Thwaites glacier front in the vulnerable West Antarctica sector is very broad (70 miles wide where it meets the ocean) and, in its entirety, is the size of Florida. The glacier is the most feared as it decays rapidly and threatens coastal cities worldwide. The cork in the bottle for the entirety of West Antarctica holds ten feet of sea level rise. The collapse of the marine extension will not add to sea level rise as it already floats. When it collapses, the cork pops, and the land ice is free to slide into the Weddel Sea and the Amundsen Sea, raising sea levels.
All the damage to Thwaites's stability is occurring below the ice. The upwelling of warm ocean water softens and erodes the soft white underbelly of the glacier. The upwelling also lifts the ice, where warmer waters can flow to the ridges and beyond the grounding line, furthering the ice's decay with a faster flow, more shattering and fracturing with the threat of collapse. The water can do that because the ice is no longer anchored on the bedrock.
The ocean at the front of the glacier is still quite cold, approximately 34-36 degrees Fahrenheit. That is above freezing, and if you think of your afternoon cocktail filled with ice, that is similar to the temperature of the ocean water eating away at the glacier. Sipping your cocktail, you observe that the ice is melting, which is precisely what is occurring to the underside of the massive marine extension of Thwaites glacier. The glacier by itself holds two feet of sea level rise.
Geophysicists were able to map the front of the glacier's seafloor. Like you and me, we have a history, and so does Thwaites.
A recent study by the University of South Florida:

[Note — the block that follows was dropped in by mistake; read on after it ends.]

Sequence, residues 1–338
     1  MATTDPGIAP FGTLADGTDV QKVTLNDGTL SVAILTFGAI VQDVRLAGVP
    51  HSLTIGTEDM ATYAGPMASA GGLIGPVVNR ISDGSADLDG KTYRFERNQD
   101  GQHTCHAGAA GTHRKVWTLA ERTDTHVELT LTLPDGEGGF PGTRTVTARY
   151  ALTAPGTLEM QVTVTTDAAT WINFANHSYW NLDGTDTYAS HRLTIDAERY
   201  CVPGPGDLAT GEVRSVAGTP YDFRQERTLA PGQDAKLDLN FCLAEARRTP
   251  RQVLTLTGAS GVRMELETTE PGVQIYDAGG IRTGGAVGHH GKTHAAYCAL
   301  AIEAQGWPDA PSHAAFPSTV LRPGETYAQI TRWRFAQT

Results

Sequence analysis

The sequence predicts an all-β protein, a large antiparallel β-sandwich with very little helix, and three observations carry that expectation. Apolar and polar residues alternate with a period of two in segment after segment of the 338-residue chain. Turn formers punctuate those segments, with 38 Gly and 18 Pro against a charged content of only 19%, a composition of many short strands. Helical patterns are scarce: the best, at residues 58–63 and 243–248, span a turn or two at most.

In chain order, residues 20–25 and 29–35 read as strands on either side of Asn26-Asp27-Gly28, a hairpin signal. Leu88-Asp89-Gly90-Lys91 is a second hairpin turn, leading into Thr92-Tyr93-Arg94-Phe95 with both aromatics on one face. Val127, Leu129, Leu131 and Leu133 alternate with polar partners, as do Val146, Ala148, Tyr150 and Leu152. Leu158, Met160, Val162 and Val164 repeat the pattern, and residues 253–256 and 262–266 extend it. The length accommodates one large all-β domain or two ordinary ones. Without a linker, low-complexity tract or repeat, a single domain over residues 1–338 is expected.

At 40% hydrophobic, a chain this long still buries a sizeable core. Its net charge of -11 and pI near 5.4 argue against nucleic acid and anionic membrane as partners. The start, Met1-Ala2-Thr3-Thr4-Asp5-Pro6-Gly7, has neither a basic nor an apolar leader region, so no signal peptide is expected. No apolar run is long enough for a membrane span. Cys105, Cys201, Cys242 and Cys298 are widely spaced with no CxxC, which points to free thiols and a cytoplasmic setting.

At some point in the last 200 years, over a duration of less than six months, the front of glacier lost contact with a seabed ridge and retreated at a rate of more than 2.1 kilometers per year (1.3 miles per year) -- twice the rate documented using satellites between 2011 and 2019.
“Our results suggest that pulses of very rapid retreat have occurred at Thwaites Glacier in the last two centuries, and possibly as recently as the mid-20th Century,” said Graham.
“Thwaites is really holding on today by its fingernails, and we should expect to see big changes over small timescales in the future – even from one year to the next – once the glacier retreats beyond a shallow ridge in its bed,” said marine geophysicist and study co-author, Robert Larter, from the British Antarctic Survey.
The tongue of Thwaites is fifty miles wide. You can make a distinction on the tongue depending on its stability and whether it is anchored on a ridge. While in peril, the western part of the tongue is still relatively stable. The eastern part is shedding chunks of ice like there is no tomorrow, and the eastern side also holds the majority of land ice. Sooner rather than later for chaos, in my estimation.
In 2001, a significant iceberg named Iceberg B22a broke from the Thwaites' tongue and became stuck in front of the doomsday glacier’s marine extensions tongue. For twenty-two years, B22a protected the calving front from the open ocean.
The iceberg was fifty-three miles long and forty miles wide. It is also subjected to warming waters, and the berg was thinned enough that it was freed from the undersea mount it was stuck on in September of 2022.
That means a brutal assault on Thwaites from the stormy southern ocean will occur. A flotilla of icebergs calving from the front is expected following the iceberg exiting the Amundsen Sea and entering the Weddel. If you did not know, West Antarctica passed the tipping point many years ago. We are witnessing the rapdity of the consequences.
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